Référence
bibliographique complète 
ECKERT, N. 2009. Assessing the impact of climate change on snow avalanche activity in France over the last 60 winters using hierarchical Bayesian spatiotemporal change point models. In Anderssen, R.S., R.D. Braddock and L.T.H. Newham (eds) 18th World IMACS Congress and MODSIM09 International Congress on Modelling and Simulation. Modelling and Simulation Society of Australia and New Zealand and International Association for Mathematics and Computers in Simulation, July 2009, pp. 26042610. ISBN: 9780975840078. http://www.mssanz.org.au/modsim09/G2/eckert.pdf 
Abstract: [...]
Motsclés 
Snow Avalanches, Climate Change, Hierarchical Bayesian Modelling, Change Point Models, Avalanche occurrences, Runout Altitudes. 
Organismes / Contact 
UR ETNA, Cemagref Grenoble, 38 402 Saint Martin d’Hères, France – email: : nicolas.eckert@cemagref.fr 
(1)
 Paramètre(s) atmosphérique(s) modifié(s) 
(2)
 Elément(s) du milieu impacté(s) 
(3)
 Type(s) d'aléa impacté(s) 
(3)
 Soustype(s) d'aléa 
Temperature, precipitation  Avalanche  Dry snow avalanche and wt snow avalanche 
Pays
/ Zone 
Massif
/ Secteur 
Site(s) d'étude 
Exposition 
Altitude 
Période(s)
d'observation 
France  Alpes & Pyrénées  19462005 
(1)
 Modifications des paramètres atmosphériques 

Reconstitutions 

Observations 

Modélisations 

Hypothèses 
Informations complémentaires (données utilisées, méthode, scénarios, etc.) 
(2)
 Effets du changement climatique sur le milieu naturel 

Reconstitutions 

Observations 

Modélisations 

Hypothèses 
Sensibilité du milieu à des paramètres climatiques 
Informations complémentaires (données utilisées, méthode, scénarios, etc.) 

(3)
 Effets du changement climatique sur l'aléa 

Reconstitutions 

Observations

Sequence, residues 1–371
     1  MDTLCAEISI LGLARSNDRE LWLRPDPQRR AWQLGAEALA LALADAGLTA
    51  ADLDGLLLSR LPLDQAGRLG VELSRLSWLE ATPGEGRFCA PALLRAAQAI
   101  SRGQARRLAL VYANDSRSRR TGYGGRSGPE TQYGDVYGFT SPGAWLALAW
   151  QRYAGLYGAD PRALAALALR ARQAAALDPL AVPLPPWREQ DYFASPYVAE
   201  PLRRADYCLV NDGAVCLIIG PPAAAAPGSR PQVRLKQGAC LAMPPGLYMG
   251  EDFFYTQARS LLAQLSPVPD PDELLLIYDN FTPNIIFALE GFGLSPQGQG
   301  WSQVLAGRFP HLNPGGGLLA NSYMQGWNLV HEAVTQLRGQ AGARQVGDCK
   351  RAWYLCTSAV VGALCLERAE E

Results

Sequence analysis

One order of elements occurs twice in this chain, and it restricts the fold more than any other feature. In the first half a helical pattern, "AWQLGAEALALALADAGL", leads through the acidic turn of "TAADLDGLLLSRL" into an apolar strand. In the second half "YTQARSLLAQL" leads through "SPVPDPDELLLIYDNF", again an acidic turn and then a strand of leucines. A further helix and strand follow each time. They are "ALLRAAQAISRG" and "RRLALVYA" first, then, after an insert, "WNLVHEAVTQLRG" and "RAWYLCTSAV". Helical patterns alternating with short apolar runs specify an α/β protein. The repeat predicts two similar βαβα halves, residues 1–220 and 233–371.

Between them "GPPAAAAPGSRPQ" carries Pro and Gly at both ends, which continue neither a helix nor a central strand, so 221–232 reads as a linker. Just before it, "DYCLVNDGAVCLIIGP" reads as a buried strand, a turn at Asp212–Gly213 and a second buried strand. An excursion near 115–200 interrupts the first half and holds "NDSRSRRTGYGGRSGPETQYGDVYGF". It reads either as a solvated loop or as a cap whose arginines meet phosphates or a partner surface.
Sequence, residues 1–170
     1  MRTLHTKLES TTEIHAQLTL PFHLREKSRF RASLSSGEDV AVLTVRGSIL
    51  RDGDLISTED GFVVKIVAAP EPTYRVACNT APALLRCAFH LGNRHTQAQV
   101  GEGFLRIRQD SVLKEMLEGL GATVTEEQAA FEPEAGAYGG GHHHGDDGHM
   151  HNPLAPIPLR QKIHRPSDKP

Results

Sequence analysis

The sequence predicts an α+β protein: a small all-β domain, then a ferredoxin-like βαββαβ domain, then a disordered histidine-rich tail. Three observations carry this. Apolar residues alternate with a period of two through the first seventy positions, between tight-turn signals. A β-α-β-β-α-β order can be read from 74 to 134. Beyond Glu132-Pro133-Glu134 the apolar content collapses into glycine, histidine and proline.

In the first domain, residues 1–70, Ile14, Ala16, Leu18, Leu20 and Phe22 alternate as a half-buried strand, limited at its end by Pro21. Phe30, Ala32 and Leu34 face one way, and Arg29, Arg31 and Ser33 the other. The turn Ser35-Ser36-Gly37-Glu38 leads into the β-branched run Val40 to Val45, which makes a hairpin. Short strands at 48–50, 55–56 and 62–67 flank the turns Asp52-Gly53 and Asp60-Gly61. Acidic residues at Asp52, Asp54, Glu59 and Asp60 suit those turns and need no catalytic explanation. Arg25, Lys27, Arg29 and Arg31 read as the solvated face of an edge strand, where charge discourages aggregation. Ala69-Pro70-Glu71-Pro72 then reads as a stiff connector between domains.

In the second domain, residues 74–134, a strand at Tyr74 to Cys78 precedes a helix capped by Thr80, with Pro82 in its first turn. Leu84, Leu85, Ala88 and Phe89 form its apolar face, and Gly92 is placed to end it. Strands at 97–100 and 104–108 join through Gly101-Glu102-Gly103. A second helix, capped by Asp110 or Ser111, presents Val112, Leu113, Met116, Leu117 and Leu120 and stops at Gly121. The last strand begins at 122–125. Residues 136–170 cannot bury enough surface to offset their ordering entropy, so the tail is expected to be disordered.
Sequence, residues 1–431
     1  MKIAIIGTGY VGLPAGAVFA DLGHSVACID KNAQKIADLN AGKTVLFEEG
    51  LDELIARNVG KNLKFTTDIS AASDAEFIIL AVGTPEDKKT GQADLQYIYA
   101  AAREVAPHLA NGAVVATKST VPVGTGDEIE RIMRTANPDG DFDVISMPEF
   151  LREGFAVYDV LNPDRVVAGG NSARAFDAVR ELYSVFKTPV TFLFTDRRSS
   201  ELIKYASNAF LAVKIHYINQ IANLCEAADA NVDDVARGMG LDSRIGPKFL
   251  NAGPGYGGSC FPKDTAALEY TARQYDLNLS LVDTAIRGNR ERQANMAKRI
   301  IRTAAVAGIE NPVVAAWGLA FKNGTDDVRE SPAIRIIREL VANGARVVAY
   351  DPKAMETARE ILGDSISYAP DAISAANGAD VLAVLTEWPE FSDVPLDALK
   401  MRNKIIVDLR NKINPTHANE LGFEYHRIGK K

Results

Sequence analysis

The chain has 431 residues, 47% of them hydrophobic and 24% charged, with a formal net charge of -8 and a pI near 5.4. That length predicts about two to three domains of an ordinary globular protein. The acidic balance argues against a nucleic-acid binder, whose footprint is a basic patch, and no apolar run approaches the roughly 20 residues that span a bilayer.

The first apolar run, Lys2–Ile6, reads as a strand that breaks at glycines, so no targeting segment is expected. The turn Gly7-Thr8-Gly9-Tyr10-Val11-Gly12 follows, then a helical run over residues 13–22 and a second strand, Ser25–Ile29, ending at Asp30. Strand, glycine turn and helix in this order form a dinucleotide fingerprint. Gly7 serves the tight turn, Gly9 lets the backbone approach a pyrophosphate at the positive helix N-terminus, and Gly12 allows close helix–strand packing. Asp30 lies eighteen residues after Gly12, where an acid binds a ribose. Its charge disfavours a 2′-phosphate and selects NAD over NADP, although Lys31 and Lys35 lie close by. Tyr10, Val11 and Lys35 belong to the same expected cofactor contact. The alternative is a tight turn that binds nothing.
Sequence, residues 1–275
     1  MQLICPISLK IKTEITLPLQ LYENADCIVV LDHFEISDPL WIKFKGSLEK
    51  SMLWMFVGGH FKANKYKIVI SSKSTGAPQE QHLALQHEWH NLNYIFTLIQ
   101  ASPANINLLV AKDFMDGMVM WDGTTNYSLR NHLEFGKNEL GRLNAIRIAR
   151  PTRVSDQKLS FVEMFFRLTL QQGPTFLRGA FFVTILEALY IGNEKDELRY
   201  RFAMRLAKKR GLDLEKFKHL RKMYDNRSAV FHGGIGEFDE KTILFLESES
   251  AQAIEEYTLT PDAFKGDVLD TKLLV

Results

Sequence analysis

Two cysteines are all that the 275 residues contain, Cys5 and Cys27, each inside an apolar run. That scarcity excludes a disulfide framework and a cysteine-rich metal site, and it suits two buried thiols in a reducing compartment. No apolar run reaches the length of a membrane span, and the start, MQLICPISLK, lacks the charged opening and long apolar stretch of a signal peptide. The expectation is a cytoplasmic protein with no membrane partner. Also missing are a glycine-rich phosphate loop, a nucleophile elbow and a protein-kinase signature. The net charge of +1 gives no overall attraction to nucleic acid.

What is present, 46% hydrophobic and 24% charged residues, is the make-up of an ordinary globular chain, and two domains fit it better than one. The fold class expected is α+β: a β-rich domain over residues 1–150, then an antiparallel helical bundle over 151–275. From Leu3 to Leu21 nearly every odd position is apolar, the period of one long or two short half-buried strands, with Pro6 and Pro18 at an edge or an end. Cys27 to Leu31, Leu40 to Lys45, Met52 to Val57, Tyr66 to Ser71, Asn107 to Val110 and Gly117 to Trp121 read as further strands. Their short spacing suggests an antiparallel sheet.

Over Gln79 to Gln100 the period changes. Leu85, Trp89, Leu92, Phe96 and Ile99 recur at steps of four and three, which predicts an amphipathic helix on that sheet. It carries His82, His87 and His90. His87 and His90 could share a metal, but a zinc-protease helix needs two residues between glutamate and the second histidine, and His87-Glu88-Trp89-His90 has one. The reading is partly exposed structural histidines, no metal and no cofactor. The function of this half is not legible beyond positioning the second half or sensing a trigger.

Abstract: Avalanche runout altitudes are studied in the whole French territory. A change in runout altitude regime has occurred in France around 1976. Between 1946 and 1976, a decrease of 55 m has affected the mean runout altitude, but the probability of a high magnitude event has remained constant. After the change point, the mean runout altitude has regained its initial state, whereas the probability of a high magnitude avalanche has been divided by two. A retreat of avalanche is therefore engaged in France since nearly 30 years. This especially concerns high magnitude events, since the return period associated with an avalanche reaching its minimal altitude on a mean path has increased from 20 to 40 years over the last 30 years. Avalanche occurrences and runout altitudes are therefore differently influenced by changes in constraining climatic factors, so that the interest of a joint temporal modelling of the two phenomena would be limited. One possible explanation is that dry snow avalanches are progressively replaced by wet snow avalanches because of climate worming, thus keeping constant the number of events, but reducing their magnitude by modifying snow rheology. To confirm this statement, further research is needed to compare and explicitly correlate the obtained annual effects with climatic data such as precipitation and temperature series. This will allow improving our knowledge on climate change in the alpine space and its consequence on avalanche hazard. Fluctuations of avalanche occurences in the Northern French Alps: No monotonic trend such as a constant increase or decrease over the period studied is visible. This indicates that there is for the moment no irreversible change in avalanche activity in the northern French Alps. On the other hand a combination of different time structures exists. First, memory effects can be suspected, with many sequences of consecutive years showing close values, for example between 1949 and 1954. Second, cyclic variations seem to occur, with a succession of four cycles of around 15 years, with maxima around 1951, 1965, 1980 and 1995. Finally, abrupt variations also exist, with very low values directly following very high values, for example, between 1962 and 1963 or between 1987 and 1988. The interannual trend [trendg_{t} which corresponds to the succession of the different regimes] provided by the shifting level model consists therefore in a complex combination of pseudoperiodic cycles and abrupt changes [...]. The structured variability explains 42% of the interannual variability, and therefore approximately 5% of the total variability of avalanche occurrences. [...] The relatively good model fit obtained is rather the result of model’s flexibility than of the presence in the data of successive significantly different regimes. Fluctuations of avalanche runout altitudes in France [Alps and Pyrenees]: Obtaining the mean runout altitude fluctuations implies inverting the RAI. This highlights that, in contrast to the mean annual probability of reaching the valley floor, the mean annual runout altitude computed with [the present] model depends on the path considered. With the mean altitude of the valley floor, 1223.3 m asl, the mean behavior at the state level is obtained. Under this assumption, the mean runout altitude has decreased, from a little more than 1400 m asl in 1946 to nearly 1350 m asl in 1977. Since the change point, it has increased again, up to nearly 1400 m asl in 2005. The mean avalanche runout altitude is therefore not different for now than it was 60 years ago in France. However, a clear increase seems to be engaged for nearly 30 years, which is consistent with the general context of climate warming. Moreover, the 1960s and 1970s in France were a short cold period differing from the general context of glacial retreat since the end of the Little Ice Age, which is also coherent with the decrease of mean runout altitudes at that time. These results give good confidence in the ability of the mean RIA to be a meaningful climatic indicator. For the probability of reaching the valley floor, the decrease is strong and continuous since the change point. If the return period corresponding to the valley floor is computes, it appears that it has increased from 20 years in 1980 to nearly 40 years in 2005. The same minimal altitude from a French path is now reached two times less often than 25 years ago. This is important in terms of hazard mitigation, since it suggests that French mountain valleys are now globally less exposed to avalanche hazard than they were earlier. For instance, this indicates that the usual assumption of an underlying stationary process while computing reference scenarios from the available data may lead to overpessimistic decisions. Discussion and conclusion: One possible explanation in accordance with Martin et al. (2001)’s work is that dry snow avalanches are progressively replaced by wet snow avalanches because of climate worming, thus keeping constant the number of events, but reducing their magnitude by modifying snow rheology. To confirm this statement, further research is needed to compare and explicitly correlate the obtained results with climatic data such temperature series. This will allow improving our knowledge on climate change in the alpine space and its consequence on avalanche hazard. Conversely, it will then also be possible to use snow avalanches as proxy indicators that point out further signals of climate change. [...]